So as a retail designer I work with brands, retailers, agencies and display manufacturers. They all have different viewpoints and goals when it comes to retail design projects. Some are better than others when it comes to creative briefs and project kickoffs. That’s fine. I’ve been doing this a long time and can navigate the waters to get the information needed to execute a successful design project.
Framing the design problem is something that almost every client struggles with. In my mind there are two ways to approach problem or project in retail design: tactically or strategically.
Tactical solutions solve issues like ergonomics (the existing display is too high), plan-o-grams (we need to fit three new SKU’s in the set) etc. Tactical is so easy for everyone to understand, you get like fifty people at the design table and they all have fun outlining what success looks like then go to lunch. Anyone in the company, and often most everyone does at one point, can pop in and lay down tactical design direction. It feels good. I’ve had CEO’s design retail solutions on a napkins and say “here, design this“. Okay, I can do that. Tactical has its place and I’m more than happy to work on those projects because we all have bills to pay.
Strategic projects are more ambiguous. No one likes them because it could be months before we get to draw pretty pictures and drink beer afterwards. Strategic design projects requires us to understand our brand, the marketplace, consumers…the weather. Strategic projects require a design process: research, discussion, ideation, (more) creativity, difficult decisions, uncertainty AND fact based decision making. Yikes!
At project kickoffs we often hear ideation direction ranging from tactical “design this exact thing for us” to strategic “We need help selling more, or connecting more, or etc. etc.“. Somewhere in the middle there is a broad band where executives, marketers and salespeople add-in, as if by knee-jerk reaction, “oh, and they want us to provide ‘good, better, best’ concepts“.
I don’t know who “they” are but now I know we, and “they”, are in trouble here. Good, better, best (GBB) is a concept I think I first heard in the early 2000’s when working on concepts for mass retail. And for a while it actually wasn’t too bad. Physical retail still dominated over online. Cost of retail displays and fixtures was the main decision factor – how much do we want to spend. Technology in store was non-existent. Sure, give me three GBB concepts and call it a day. Good job.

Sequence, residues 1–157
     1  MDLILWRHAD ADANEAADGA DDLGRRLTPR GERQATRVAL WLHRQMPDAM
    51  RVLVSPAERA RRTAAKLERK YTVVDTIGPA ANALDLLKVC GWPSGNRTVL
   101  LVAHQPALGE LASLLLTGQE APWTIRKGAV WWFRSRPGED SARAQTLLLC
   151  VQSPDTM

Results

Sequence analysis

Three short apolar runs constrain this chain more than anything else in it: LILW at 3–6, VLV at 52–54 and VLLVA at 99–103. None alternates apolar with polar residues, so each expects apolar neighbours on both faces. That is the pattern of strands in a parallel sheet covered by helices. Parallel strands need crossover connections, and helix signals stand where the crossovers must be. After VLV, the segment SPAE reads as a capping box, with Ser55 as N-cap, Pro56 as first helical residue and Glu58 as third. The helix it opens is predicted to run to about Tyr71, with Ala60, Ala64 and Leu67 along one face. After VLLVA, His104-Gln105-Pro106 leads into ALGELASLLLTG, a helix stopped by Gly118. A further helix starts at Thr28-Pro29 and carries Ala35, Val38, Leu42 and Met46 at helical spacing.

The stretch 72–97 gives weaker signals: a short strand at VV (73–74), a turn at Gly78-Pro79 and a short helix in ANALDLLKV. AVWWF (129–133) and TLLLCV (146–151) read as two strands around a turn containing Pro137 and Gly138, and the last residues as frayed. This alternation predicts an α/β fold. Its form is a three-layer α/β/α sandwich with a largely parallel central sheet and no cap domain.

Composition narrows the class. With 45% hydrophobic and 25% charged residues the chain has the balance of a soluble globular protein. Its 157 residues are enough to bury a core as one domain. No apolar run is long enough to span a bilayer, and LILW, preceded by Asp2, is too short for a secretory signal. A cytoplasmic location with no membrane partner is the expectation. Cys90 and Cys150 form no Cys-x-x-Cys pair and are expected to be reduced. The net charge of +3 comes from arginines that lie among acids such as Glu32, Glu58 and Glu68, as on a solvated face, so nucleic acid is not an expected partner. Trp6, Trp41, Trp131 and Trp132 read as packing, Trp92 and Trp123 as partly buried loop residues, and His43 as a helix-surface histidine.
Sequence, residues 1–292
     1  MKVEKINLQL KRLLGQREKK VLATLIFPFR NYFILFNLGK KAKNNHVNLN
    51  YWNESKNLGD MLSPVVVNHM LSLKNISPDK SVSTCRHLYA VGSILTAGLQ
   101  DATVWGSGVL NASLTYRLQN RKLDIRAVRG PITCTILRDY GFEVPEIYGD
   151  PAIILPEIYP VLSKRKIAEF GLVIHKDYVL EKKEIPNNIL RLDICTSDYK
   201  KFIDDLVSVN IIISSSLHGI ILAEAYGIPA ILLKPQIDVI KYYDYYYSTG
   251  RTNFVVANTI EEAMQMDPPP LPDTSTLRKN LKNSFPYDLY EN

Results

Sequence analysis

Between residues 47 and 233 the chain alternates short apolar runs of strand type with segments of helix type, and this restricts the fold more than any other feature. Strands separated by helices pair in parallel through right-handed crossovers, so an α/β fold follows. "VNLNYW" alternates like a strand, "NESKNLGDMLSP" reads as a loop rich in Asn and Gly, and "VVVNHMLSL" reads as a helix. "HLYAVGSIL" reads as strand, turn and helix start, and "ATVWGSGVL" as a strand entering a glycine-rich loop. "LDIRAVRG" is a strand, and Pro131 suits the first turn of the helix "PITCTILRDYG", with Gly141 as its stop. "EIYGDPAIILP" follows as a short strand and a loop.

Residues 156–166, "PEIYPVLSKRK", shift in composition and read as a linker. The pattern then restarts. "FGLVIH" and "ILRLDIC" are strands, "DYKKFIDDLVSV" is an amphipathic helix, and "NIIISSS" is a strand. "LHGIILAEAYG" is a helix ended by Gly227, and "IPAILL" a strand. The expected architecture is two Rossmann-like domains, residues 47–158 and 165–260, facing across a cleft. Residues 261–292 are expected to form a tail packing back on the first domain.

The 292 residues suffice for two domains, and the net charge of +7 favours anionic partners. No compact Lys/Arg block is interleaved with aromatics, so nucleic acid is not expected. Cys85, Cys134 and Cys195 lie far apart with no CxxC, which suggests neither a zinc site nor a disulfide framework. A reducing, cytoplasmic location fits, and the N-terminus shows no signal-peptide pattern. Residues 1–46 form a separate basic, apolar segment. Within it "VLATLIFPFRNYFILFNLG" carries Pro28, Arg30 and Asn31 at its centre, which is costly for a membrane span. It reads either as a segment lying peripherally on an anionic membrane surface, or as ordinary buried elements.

As an aside, do not confuse my use of GBB to mean we don’t merchandise product ranges that actually include GBB products i.e. base model widget, intermediate model widget and top of the line widget. Yes, designing experiences around the actual product strategy is what we definitely want to do. What we don’t want to do is create a “good” display, then add a tv screen and call it “better” and then add lasers for the “best” retail experience. Also, some chains have so many stores they may not be able to afford to put the most expensive solution in every store, so yes, we do design for modularity and scalability. It’s important to note this as part of the strategy.
By now, in 2019, I’m almost ready to pass on ANY project where they mention GBB in regards to what concepts they want delivered. GBB is not a strategy. It’s throwing things at the wall while the person with the loudest voice in the room, or worst yet – the accounting department, decides which one to pick. This is not helping your business stay solvent past 2020. This is not design. This is not solving problems or seizing opportunity.
I can count on one hand (finger?) the number of clients I’ve worked with during the last twenty years that think strategically on almost every project. It’s not easy to do but it’s worth doing when possible. Stop with the knee-jerk reactions to what ideation should be and what solid retail design solutions are. The process is formulaic at times but the goals and solutions never should be.
I advise that all stakeholders in a retail design project work to be strategic. Create the best solution every time. Forego good and better altogether. “Best” never means most expensive or flashiest in my mind. It’s the number one head butting moment I have with clients, trying to convince them that we shouldn’t just throw stuff at the wall.
We need to look at the brand in stores and online. We need to understand consumers and how they take in information. Look at their wants and needs. We need to look at product, how does it add value and solicit emotion. On and on…
For important, big picture projects, we need to set aside the tactical, no matter how easy it is for everyone to articulate, because tactical isn’t going to help us. Tactical follows the strategy. Not the other way around.
Break the habit.
Recognize that GBB is a tactic.
Don’t lead with tactics.
Have a strategy.
Only accept the best retail design solution every time.
Chris Weigand is an industrial designer and retail design pro based in northeast Ohio. For over twenty years he has worked with hundreds of brands, agencies and retailers to research, ideate and design compiling retail experiences. Contact Chris at 330-858-8926 to discuss your retail design needs or simply talk about retail design, strategy and pretty much anything of interest to your business.